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The Myth of Poetry: On Heidegger's "Hölderlin"

The Myth of Poetry: On Heidegger's "Hölderlin" The Myth of Poetry: On Heidegger's "Hölderlin" Andreas Grossmann, Donald F. Goodwin The Comparatist, Volume 28, May 2004, pp. 29-38 (Article) Published by The University of North Carolina Press DOI: https://doi.org/10.1353/com.2004.0000 For additional information about this article https://muse.jhu.edu/article/414791/summary Access provided at 18 Feb 2020 10:57 GMT from JHU Libraries THE COMPAKATIST THE MYTH OF POETRY: ON HEIDEGGER'S "HÖLDERLIN" Andreas Grossmann Martin Heidegger closely associated his thought with poetry, especially Friedrich Hölderlin's. But where precisely can this connection be detect- ed? Why, as Hans-Georg Gadamer claimed, is "Hölderlin always at the center" of Heidegger's thought? (76ff, 81). To put the question in other terms, why did Heidegger regard thought as being brought to a decision in Hölderlin's poetry—a decision against what in his view was representational thinking and for an "other beginning" of thought? In my view, the dialogue that Heidegger envisioned with Hölderlin involves at key points the problem of myth. The fact that myth, superbly expressed in Hölderlin's poetry, "remains the most thoughtworthy thing,"as Heidegger puts it in Was heißt Denken? [What Is Called Think- ing?] (Vorträge 131), compels Heidegger to "draw Hölderlin's poetic lan- guage into the realm of thought" (132). Poetry and thinking thus gain an http://www.deepdyve.com/assets/images/DeepDyve-Logo-lg.png The Comparatist University of North Carolina Press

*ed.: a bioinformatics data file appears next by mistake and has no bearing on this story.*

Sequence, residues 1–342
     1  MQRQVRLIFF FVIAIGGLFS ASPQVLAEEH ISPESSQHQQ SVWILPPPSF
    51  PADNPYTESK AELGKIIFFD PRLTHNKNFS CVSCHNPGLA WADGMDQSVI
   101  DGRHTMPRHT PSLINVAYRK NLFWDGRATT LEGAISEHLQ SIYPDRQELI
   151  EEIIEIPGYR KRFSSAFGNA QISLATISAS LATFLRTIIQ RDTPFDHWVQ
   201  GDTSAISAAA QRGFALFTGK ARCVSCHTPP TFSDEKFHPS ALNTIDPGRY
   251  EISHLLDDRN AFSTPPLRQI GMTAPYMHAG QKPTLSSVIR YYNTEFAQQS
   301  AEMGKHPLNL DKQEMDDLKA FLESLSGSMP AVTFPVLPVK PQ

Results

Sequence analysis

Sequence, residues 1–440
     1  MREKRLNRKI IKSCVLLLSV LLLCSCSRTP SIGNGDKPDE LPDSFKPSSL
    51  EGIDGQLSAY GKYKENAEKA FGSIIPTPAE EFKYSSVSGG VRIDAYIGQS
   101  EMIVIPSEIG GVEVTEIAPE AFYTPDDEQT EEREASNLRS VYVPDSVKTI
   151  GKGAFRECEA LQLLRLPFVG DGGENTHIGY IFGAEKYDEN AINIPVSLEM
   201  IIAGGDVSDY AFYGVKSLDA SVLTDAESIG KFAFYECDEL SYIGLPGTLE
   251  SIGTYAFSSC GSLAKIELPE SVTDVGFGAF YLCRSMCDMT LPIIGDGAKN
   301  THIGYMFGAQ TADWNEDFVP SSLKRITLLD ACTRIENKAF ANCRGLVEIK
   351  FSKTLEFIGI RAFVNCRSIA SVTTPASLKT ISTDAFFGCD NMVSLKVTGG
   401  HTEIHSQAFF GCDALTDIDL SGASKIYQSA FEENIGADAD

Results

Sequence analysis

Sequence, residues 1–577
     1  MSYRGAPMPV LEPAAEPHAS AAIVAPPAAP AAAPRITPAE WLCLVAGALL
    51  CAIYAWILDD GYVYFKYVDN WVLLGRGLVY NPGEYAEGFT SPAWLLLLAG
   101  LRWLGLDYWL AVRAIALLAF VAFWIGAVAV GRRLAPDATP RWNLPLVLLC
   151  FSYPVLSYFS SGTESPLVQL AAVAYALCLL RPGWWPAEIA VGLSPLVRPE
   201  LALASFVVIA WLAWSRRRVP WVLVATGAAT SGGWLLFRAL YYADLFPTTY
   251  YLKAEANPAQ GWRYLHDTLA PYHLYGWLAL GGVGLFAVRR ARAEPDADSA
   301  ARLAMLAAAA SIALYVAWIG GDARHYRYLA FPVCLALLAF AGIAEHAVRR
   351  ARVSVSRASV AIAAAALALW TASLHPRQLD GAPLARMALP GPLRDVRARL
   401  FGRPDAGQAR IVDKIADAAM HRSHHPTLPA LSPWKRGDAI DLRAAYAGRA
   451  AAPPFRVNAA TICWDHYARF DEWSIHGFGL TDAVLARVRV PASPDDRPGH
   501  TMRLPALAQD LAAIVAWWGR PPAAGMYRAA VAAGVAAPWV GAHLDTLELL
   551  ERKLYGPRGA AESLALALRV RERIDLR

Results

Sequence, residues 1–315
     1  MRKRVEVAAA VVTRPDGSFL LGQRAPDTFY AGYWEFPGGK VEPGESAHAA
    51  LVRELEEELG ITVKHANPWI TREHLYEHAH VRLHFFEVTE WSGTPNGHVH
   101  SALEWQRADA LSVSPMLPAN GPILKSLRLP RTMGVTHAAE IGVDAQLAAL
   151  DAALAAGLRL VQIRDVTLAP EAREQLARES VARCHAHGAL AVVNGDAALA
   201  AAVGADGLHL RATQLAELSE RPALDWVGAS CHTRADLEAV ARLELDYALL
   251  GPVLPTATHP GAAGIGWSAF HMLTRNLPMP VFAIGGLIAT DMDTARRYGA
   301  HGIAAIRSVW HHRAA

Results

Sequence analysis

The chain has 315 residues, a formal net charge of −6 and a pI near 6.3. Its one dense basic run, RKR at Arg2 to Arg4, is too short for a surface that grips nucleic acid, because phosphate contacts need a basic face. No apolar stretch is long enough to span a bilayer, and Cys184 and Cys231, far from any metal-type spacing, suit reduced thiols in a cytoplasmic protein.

The Myth of Poetry: On Heidegger's "Hölderlin"

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Publisher
University of North Carolina Press
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Copyright © Southern Comparative Literature Association.
ISSN
1559-0887

Abstract

The Myth of Poetry: On Heidegger's "Hölderlin" Andreas Grossmann, Donald F. Goodwin The Comparatist, Volume 28, May 2004, pp. 29-38 (Article) Published by The University of North Carolina Press DOI: https://doi.org/10.1353/com.2004.0000 For additional information about this article https://muse.jhu.edu/article/414791/summary Access provided at 18 Feb 2020 10:57 GMT from JHU Libraries THE COMPAKATIST THE MYTH OF POETRY: ON HEIDEGGER'S "HÖLDERLIN" Andreas Grossmann Martin Heidegger closely associated his thought with poetry, especially Friedrich Hölderlin's. But where precisely can this connection be detect- ed? Why, as Hans-Georg Gadamer claimed, is "Hölderlin always at the center" of Heidegger's thought? (76ff, 81). To put the question in other terms, why did Heidegger regard thought as being brought to a decision in Hölderlin's poetry—a decision against what in his view was representational thinking and for an "other beginning" of thought? In my view, the dialogue that Heidegger envisioned with Hölderlin involves at key points the problem of myth. The fact that myth, superbly expressed in Hölderlin's poetry, "remains the most thoughtworthy thing,"as Heidegger puts it in Was heißt Denken? [What Is Called Think- ing?] (Vorträge 131), compels Heidegger to "draw Hölderlin's poetic lan- guage into the realm of thought" (132). Poetry and thinking thus gain an

Journal

The ComparatistUniversity of North Carolina Press

Published: Oct 3, 2012

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